The tubing difference might have been more of a processing change than chemical, which allowed dimensional (thickness) changes, but peugeot as a very large manufacturer was developing their own price-point frames from scratch vs. relying on the traditional branded tubing and lug suppliers.

I know more about these bike's geometry, which was the same over the years until 1979. That year, the frame angles changed completely, a steeper seattube angle, shorter chainstays and a more-relaxed headtube angle took the place of their traditional geometry on their price-point UO-series bikes. Suddenly these bikes lent themselves more toward spirited riding.

HLE again was some sort of high-tensile steel, translated I believe to "high elastic limit".

The lugless frame construction extended well up into Peugeot's extensive mid-priced lineup, with some of these frames sporting Reynolds tubing at least up to the level of enhanced "Chromoly-M" or 501.
Surprisingly, these "tre-tubi" lugless framesets could be about as light as an earlier, lugged PX10 frame based on the weight of these two complete bikes that I have weighed!



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Old 06-15-19, 10:23 AM
  #39  
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I always loved the pearl color on these, they even had it on the lower end models.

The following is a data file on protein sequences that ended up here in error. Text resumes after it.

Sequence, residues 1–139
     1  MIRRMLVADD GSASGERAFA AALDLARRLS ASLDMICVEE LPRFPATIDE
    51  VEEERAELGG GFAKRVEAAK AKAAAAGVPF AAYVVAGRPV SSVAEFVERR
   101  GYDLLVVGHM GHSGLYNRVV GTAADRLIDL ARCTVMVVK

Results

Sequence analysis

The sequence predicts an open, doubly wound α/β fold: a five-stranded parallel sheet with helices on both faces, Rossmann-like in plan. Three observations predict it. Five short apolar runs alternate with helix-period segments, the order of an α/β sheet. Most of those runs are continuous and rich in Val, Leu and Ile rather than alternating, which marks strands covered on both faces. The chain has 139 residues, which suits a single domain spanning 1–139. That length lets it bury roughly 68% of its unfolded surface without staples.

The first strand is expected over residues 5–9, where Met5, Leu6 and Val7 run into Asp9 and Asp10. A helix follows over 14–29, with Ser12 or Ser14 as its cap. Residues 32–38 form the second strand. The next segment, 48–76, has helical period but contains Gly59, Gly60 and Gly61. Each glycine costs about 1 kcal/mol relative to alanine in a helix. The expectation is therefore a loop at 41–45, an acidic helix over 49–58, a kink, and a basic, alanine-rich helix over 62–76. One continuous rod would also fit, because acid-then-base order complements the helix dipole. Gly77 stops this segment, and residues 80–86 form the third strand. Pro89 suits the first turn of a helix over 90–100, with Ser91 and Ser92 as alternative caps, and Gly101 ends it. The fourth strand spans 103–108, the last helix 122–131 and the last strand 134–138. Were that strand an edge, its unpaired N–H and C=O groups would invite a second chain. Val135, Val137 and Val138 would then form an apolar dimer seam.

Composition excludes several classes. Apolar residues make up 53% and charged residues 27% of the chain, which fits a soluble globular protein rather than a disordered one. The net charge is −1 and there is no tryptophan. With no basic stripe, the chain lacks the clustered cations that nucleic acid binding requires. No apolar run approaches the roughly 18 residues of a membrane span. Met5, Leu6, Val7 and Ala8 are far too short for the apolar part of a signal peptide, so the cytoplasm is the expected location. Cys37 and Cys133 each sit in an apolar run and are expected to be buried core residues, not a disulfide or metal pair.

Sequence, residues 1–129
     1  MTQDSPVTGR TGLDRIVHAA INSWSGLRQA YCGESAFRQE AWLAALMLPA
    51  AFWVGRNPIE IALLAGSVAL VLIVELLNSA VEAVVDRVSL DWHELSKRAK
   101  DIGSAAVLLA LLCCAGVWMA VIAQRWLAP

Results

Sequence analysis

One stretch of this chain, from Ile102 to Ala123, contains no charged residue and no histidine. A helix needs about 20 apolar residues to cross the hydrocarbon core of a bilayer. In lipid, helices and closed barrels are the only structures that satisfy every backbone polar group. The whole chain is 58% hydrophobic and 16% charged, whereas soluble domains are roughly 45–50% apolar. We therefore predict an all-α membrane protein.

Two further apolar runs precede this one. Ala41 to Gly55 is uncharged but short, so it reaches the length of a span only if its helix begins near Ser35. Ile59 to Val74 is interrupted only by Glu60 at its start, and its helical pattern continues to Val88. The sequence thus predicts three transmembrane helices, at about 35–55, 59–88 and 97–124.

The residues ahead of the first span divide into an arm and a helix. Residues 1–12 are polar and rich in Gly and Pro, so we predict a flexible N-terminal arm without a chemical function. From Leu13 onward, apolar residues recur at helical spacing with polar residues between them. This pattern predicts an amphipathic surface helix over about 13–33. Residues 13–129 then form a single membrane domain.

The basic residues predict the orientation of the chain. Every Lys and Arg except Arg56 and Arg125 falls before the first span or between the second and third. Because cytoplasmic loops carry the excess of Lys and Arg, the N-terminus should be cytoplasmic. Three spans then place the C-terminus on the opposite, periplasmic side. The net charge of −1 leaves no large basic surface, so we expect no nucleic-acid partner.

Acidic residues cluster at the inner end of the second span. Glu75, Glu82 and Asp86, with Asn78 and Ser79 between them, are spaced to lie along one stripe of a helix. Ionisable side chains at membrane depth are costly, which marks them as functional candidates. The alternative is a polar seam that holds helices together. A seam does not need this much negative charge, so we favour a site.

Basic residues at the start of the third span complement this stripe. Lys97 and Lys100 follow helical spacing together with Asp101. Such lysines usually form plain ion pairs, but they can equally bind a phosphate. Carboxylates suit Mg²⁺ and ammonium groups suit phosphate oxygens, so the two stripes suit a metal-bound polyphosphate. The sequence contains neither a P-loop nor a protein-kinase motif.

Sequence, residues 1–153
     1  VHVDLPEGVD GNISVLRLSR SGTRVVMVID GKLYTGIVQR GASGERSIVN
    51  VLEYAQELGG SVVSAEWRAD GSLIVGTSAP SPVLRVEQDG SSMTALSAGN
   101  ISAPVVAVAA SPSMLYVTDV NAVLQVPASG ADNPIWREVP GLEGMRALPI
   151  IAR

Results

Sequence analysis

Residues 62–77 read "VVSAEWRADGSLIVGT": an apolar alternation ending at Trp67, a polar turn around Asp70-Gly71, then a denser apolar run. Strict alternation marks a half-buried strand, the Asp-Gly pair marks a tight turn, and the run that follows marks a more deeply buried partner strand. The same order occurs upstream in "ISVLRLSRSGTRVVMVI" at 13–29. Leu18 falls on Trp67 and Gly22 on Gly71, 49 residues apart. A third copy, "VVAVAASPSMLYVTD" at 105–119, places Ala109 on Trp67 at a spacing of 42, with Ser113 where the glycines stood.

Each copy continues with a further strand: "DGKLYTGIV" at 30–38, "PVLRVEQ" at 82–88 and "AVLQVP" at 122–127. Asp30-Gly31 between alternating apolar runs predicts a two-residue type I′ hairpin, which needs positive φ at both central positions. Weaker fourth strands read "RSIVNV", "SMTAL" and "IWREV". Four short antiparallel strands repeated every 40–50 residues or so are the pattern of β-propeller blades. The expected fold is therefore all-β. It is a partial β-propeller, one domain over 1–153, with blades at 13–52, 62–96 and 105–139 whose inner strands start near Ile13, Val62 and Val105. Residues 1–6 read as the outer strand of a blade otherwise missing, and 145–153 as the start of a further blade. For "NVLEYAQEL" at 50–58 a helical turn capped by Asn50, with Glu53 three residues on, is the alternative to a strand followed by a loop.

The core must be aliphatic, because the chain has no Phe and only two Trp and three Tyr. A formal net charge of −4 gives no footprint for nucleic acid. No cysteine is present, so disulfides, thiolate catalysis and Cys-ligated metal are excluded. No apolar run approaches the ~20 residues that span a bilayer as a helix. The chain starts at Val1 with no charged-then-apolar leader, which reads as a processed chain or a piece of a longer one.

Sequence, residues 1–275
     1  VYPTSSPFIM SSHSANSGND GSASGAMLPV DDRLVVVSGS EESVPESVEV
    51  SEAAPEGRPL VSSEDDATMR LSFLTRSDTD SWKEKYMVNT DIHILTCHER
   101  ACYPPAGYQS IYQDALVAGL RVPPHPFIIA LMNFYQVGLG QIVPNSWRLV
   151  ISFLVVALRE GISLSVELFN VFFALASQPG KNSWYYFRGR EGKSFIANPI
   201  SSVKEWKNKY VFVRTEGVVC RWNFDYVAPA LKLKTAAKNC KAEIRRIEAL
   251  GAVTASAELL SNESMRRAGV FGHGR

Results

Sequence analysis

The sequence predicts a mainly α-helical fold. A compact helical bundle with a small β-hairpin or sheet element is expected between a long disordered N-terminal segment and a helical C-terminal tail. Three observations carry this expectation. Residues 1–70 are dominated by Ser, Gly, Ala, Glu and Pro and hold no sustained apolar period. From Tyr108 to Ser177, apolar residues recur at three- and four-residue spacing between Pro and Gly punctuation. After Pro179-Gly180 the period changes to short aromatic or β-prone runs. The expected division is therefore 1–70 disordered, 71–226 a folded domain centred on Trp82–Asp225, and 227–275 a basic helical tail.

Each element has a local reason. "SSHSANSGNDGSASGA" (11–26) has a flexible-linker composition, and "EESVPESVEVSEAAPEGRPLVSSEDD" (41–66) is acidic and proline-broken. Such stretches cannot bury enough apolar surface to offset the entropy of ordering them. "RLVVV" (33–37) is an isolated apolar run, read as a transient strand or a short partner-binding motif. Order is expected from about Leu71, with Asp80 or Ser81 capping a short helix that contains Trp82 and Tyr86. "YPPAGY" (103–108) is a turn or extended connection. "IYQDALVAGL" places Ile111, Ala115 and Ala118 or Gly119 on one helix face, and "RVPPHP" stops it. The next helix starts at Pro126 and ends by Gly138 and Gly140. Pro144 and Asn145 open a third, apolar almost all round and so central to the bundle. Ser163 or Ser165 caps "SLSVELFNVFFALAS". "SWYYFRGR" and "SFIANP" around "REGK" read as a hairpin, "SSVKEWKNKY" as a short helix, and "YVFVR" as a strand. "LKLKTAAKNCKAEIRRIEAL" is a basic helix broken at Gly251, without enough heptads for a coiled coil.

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Old 06-15-19, 11:18 AM
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Originally Posted by Wildwood View Post
Perhaps mine is a year or two earlier - HLE followed Carbolite103 in the model years. Not sure how long HLE lasted before a conversion to other tubing, maybe 2yrs?. There must have been a debate about Metric vs English tubing at this point.

Here's an old pic. Maybe I can find a better one to show tube joins. All original (less tires/tubes), even silver ribbon tape.
Ridden only a few times, minor fall in driveway caused original owner to 'hang it in the rafters'. About 20 years later, it came to me free.
PH10LE - frame was smallest comfortable fit for me @ 58cm.